Ali Boyle

Episodic Memory: Uniquely Human Project

Project leader: Ali Boyle
Duration: September 2022 - September 2026

We remember many events from our past, from the momentous to the mundane. Most of us find we can ‘mentally replay’ these past events in our mind’s eye. This kind of memory is called episodic memory.

Episodic memory is absolutely central to our mental lives. Its loss, as in conditions like Alzheimer’s disease, can be devastating. But episodic memory research is a relatively young field, home to several outstanding puzzles. The Episodic Memory: Uniquely Human? project, a four-year UKRI Future Leaders Fellowship led by Dr Ali Boyle, addresses two of them.  

First, what is episodic memory’s function? That is, what precisely does it do, and why is it useful for us to have episodic memory, in addition to memory for facts and skills?

Second, how widespread is episodic memory? Do other animals remember past events, or is this a uniquely human cognitive achievement?

Perhaps surprisingly, these are both subjects of intense debate in the science and philosophy of memory. And although they’re often tackled separately, they’re importantly connected: we can’t detect episodic memory in animals without an account of its function, and an account of episodic memory’s function ought to be informed by both its human and non-human manifestations. This project takes an integrative approach, aiming to advance our understanding of both issues by bringing them together with a third important strand of episodic memory research: artificial implementations of episodic memory, which have led to significant recent developments in AI.

Drawing on evidence and tools from philosophy, comparative cognitive science and AI, the project will develop a new account of episodic memory's function, using this to advance debates about episodic memory in animals and suggest new applications for episodic memory in AI. It will be the first project to bring these three disciplines together to inform accounts of episodic memory’s function, and to give significant philosophical attention to episodic memory in AI.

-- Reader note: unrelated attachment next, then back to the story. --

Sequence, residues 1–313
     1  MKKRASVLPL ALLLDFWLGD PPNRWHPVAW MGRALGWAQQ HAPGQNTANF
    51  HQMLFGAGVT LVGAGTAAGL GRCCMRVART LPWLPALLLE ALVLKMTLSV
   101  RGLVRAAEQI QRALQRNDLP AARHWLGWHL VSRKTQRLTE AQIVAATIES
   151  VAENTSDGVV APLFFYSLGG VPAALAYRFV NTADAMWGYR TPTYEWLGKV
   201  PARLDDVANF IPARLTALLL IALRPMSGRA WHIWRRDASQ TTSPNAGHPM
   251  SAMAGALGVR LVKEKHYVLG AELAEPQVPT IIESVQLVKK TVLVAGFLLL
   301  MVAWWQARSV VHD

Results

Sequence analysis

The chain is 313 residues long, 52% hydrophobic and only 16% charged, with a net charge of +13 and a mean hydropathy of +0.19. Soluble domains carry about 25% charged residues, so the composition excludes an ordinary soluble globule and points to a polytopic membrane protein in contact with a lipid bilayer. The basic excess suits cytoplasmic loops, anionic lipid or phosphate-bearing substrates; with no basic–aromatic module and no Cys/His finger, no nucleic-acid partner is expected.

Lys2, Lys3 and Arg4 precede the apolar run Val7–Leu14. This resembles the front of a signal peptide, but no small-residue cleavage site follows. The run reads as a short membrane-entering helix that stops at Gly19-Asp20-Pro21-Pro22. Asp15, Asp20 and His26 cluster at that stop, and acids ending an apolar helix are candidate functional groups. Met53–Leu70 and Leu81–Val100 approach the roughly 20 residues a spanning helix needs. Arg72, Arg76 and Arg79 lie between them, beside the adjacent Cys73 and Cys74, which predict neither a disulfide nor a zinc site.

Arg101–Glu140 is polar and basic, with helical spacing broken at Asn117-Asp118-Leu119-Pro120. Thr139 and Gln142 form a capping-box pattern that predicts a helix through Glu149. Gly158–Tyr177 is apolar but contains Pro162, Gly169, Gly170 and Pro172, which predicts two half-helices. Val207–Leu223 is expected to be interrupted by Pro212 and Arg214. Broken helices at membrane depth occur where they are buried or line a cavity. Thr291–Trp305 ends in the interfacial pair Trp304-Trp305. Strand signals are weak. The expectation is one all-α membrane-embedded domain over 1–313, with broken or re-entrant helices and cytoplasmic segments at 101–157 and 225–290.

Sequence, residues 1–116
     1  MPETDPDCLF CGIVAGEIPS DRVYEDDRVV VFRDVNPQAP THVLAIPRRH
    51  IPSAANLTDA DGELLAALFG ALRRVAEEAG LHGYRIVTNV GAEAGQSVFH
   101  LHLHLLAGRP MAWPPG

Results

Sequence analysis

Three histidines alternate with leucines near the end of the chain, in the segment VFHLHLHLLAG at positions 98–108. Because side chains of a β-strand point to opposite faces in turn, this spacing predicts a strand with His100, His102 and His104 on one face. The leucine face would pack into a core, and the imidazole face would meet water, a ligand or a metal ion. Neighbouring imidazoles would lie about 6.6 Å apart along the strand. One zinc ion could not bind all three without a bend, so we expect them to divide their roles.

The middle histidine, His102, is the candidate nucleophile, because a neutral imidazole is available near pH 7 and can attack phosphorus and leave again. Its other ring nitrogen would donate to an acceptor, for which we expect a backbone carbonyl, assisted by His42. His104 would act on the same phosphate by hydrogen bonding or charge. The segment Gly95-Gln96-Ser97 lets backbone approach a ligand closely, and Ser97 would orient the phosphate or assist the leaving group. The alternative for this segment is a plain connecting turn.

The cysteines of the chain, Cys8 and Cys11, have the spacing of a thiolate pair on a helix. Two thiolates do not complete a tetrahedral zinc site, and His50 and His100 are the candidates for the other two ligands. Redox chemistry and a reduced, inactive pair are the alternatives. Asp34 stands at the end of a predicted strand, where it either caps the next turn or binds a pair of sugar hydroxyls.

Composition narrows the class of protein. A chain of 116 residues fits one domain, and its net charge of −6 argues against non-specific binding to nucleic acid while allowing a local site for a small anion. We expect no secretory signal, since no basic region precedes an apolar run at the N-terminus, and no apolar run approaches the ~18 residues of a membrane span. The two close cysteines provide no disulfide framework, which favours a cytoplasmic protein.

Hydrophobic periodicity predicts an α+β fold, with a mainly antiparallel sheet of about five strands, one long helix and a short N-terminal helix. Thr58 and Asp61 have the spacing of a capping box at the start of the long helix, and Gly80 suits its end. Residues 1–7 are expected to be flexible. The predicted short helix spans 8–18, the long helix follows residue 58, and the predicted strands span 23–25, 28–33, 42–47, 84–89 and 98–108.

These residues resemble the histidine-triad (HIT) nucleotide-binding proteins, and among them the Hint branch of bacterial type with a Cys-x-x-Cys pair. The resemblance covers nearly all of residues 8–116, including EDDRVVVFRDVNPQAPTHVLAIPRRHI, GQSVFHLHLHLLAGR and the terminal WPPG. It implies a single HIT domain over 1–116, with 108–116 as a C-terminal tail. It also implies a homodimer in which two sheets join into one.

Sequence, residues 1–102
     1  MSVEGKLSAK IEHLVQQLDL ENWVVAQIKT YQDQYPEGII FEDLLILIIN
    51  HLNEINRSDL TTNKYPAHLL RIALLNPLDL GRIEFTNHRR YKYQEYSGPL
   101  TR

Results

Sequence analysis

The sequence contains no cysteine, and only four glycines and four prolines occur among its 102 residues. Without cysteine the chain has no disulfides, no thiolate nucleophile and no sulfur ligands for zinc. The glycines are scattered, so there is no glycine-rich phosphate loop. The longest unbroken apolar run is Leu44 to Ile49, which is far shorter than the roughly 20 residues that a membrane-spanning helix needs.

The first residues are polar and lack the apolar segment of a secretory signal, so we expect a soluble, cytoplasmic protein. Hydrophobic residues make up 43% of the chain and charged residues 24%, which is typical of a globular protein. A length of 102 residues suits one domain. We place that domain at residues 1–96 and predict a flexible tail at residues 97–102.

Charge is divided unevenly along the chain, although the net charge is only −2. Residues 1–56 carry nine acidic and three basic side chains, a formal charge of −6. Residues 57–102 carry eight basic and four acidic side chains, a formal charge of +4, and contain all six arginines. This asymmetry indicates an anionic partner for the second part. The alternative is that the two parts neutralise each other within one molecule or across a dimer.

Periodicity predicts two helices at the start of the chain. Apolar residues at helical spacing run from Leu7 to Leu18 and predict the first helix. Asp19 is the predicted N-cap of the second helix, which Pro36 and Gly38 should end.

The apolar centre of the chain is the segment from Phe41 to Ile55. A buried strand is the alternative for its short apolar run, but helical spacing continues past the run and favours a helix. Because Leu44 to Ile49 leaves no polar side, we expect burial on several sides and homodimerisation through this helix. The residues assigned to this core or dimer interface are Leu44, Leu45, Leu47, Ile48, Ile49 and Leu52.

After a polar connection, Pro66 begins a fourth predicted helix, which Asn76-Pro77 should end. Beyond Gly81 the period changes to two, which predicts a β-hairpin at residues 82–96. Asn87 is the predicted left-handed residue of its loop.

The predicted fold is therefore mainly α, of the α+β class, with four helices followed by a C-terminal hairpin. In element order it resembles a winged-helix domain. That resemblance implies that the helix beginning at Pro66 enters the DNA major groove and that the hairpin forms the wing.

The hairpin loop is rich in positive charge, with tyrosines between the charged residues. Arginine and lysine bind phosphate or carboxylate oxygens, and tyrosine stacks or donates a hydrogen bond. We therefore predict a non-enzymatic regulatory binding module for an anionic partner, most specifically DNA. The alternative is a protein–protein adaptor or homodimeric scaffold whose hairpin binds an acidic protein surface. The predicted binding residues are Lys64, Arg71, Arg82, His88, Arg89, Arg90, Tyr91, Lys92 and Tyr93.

As part of the research, the project team – which will include two Post-Doctoral and one PhD Researcher – will collaborate with colleagues at the University of Cambridge to implement tests of episodic memory in a 3D simulated environment: the Animal-AI Testbed. The results will shed important light on episodic memory’s role in cognition and the methods for detecting it in animals. 


Ali Boyle


Ali-Boyle Profile

Ali Boyle is an Assistant Professor in Philosophy at the LSE's Department of Philosophy, Logic and Scientific Method

She works in the philosophy of science. Most of her research is about comparative cognitive science - the science of nonhuman minds, from animals to artificial agents. Ali Boyle currently holds a UKRI Future Leaders Fellowship (FLF) at the LSE's Centre for Philosophy of Natural and Social Sciences. Her FLF project focusses on the nature of episodic memory - memory for personally experienced past events - and its manifestations in animals and machines. She also works in the philosophy of biology, where she’s interested in how to count organisms in tricky cases like conjoined twinning, parasitism and pregnancy. 

Before joining the LSE, she held Research Fellowships at the University of Cambridge and the University of Bonn. Before that, she received her BA, MPhil and PhD in Philosophy from the University of Cambridge.

More about Ali Boyle can be found on her personal website.


Andrea Blomkvist


Andrea Blomkvist

Andrea Blomkvist is a postdoctoral researcher on the project 'Episodic Memory: Uniquely Human?', where she will primarily be working on episodic memory in AI. She earned her PhD from the University of Sheffield in 2021 under the supervision of Luca Barlassina and Dominic Gregory. Subsequently, she was a Teaching Associate in Philosophy of Psychology & Cognitive Science at the University of Sheffield, before taking up a position as a postdoctoral researcher at the Centre for Philosophical Psychology (University of Antwerp). Her main research interests lie in the philosophy of cognitive science, and include memory, imagination and mental imagery, comparative cognition, and issues about explanation and representation.

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